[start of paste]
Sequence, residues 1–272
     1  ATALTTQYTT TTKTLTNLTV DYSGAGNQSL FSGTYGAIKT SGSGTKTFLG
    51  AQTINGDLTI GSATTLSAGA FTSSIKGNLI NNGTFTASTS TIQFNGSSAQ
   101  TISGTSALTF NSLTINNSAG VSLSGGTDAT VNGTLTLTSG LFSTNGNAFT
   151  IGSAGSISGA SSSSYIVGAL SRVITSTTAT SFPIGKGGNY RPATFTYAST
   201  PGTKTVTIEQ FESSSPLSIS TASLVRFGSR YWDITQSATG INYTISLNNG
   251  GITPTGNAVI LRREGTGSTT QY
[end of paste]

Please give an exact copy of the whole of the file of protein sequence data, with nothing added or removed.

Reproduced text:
Sequence, residues 1–272
     1  ATALTTQYTT TTKTLTNLTV DYSGAGNQSL FSGTYGAIKT SGSGTKTFLG
    51  AQTINGDLTI GSATTLSAGA FTSSIKGNLI NNGTFTASTS TIQFNGSSAQ
   101  TISGTSALTF NSLTINNSAG VSLSGGTDAT VNGTLTLTSG LFSTNGNAFT
   151  IGSAGSISGA SSSSYIVGAL SRVITSTTAT SFPIGKGGNY RPATFTYAST
   201  PGTKTVTIEQ FESSSPLSIS TASLVRFGSR YWDITQSATG INYTISLNNG
   251  GITPTGNAVI LRREGTGSTT QY